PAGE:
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40% vacancy crisis nudges SC to order collegium to begin judicial appointments

The Supreme Court on Thursday asked its collegium to go ahead with the appointment of judges to the high courts and the apex court which have been put on hold ever since the government notification setting up the NJAC was challenged.

The constitution bench headed by Justice JS Khehar said “it is needless to mention that the process of appointment of judges by the collegium will continue and shall not be put on hold”.

The constitution bench - that also comprised Justices J Chelameswar, Madan B Lokur, Kurian Joseph and Adarsh Kumar Goel - reserved its order on a host of suggestions both by the government and the batch of petitioners on improving the working of the collegium and making it transparent.

The court order came a day after the central government on Wednesday told the constitution bench that the “collegium system should function as it is, as 40 percent vacancies have arisen in the high courts” which was adversely affecting hearing of cases.

The immediate task before the collegium is the appointment of three judges to the top court as there are three vacancies.

The apex court has the sanctioned strength of 31 judges but there are only 28 judges at present.

The last judge to be appointed to the apex court was Justice Amitava Roy who was sworn in on 27 February, 2015.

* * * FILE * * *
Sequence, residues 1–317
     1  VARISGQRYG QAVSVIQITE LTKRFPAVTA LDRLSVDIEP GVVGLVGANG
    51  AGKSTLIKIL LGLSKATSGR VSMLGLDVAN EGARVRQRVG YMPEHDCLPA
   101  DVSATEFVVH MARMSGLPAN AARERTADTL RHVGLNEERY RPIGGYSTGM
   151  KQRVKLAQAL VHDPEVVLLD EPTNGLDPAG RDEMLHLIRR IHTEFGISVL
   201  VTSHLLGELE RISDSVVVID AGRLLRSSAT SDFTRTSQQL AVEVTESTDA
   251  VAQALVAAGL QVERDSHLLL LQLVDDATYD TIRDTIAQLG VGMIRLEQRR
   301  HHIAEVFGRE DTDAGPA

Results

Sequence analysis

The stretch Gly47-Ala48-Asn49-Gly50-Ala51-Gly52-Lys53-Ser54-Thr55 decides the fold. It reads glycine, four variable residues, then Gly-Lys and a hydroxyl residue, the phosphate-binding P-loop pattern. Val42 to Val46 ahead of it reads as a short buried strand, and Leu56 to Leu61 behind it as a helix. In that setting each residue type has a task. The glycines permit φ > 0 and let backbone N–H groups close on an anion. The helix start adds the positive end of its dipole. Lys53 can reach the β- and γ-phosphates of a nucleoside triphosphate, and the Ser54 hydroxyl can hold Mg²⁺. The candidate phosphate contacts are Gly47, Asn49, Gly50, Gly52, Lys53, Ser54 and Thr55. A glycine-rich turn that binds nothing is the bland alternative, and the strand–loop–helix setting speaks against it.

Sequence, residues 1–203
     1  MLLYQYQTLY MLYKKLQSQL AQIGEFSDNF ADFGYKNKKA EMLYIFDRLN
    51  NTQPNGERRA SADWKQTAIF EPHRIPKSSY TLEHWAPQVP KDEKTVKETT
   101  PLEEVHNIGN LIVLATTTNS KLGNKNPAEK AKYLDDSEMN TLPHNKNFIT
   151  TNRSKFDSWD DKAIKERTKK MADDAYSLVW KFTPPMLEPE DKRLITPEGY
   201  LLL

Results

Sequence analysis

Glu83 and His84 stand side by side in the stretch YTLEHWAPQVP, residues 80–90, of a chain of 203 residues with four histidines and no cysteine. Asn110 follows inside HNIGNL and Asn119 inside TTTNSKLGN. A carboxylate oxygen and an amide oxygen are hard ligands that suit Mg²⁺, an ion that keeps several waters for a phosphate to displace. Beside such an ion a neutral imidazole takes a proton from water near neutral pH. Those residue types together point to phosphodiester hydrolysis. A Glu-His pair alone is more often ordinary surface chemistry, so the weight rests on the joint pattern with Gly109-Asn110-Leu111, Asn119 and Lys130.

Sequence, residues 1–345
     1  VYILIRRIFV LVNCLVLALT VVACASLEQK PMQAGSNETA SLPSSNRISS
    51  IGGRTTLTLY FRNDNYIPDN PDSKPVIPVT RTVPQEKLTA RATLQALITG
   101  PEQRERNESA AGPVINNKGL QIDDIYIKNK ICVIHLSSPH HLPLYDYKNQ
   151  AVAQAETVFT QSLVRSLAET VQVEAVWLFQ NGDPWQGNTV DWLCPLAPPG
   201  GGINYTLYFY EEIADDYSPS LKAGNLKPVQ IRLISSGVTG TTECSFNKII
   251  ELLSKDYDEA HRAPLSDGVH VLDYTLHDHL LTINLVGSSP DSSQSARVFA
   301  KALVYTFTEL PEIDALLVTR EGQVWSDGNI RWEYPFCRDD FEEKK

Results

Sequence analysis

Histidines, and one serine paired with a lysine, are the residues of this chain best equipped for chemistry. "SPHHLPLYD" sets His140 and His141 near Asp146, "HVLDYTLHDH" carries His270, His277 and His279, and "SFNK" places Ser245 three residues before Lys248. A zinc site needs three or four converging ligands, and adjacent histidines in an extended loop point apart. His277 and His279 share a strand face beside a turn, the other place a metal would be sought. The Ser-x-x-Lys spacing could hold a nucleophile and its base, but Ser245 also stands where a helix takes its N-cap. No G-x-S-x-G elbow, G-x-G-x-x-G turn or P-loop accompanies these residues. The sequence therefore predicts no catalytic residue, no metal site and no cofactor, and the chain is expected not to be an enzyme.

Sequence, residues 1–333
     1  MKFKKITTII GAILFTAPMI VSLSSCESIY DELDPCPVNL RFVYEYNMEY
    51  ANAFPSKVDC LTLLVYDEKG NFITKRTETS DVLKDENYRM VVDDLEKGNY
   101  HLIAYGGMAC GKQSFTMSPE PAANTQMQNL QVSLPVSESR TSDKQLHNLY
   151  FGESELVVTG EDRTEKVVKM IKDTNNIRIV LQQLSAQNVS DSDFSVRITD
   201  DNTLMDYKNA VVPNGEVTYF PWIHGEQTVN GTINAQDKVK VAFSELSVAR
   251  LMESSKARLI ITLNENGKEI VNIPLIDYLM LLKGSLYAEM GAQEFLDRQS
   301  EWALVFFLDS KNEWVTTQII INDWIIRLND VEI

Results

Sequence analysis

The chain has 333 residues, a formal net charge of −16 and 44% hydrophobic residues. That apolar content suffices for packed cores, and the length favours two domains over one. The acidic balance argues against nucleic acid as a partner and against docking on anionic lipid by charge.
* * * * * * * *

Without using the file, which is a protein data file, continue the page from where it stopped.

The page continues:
The 24 high courts across the country have a sanctioned strength of 1,170 judges but they are working with about 60 percent of their sanctioned strength. There are 370 vacancies in the high courts.

Curtains had come down on the collegium system on 13 April, 2015, after the government notified the Constitution’s 99th amendment creating constitutional basis of the National Judicial Appointment Commission and the National Judicial Appointment Commission Act, 2014 for setting up the NJAC

The constitution bench on 16 October had held unconstitutional and void the Constitution’s 99th amendment.

While holding that the NJAC was unconstitutional, the court had restored the collegium system for the appointment of judges.

The constitutional validity of the 99th amendment was challenged in a batch of petitions, including one by the Supreme Court Advocates on Record Association (SCAORA) along with the Bar Association of India, NGO Centre for Public Interest Litigation and others.

Though the apex court, in the course of its hearing spread over eight months, had never stayed the operation of NJAC, but Chief Justice HL Dattu had refused to participate, saying he would stay away (from NJAC) till the matter was decided by the constitution bench. The challenge to the NJAC’s validity was decided on 16 October.

The collegium system was put in place by a 1993 second judges’ case verdict and it was expended to the collegium five seniormost judges (CJI and four seniormost judges following him) by the 1998 third judges case.

Before being ousted on 13 April, the now restored collegium had recommended the appointment of 125 judges but the same are pending with the law ministry for processing and further action.

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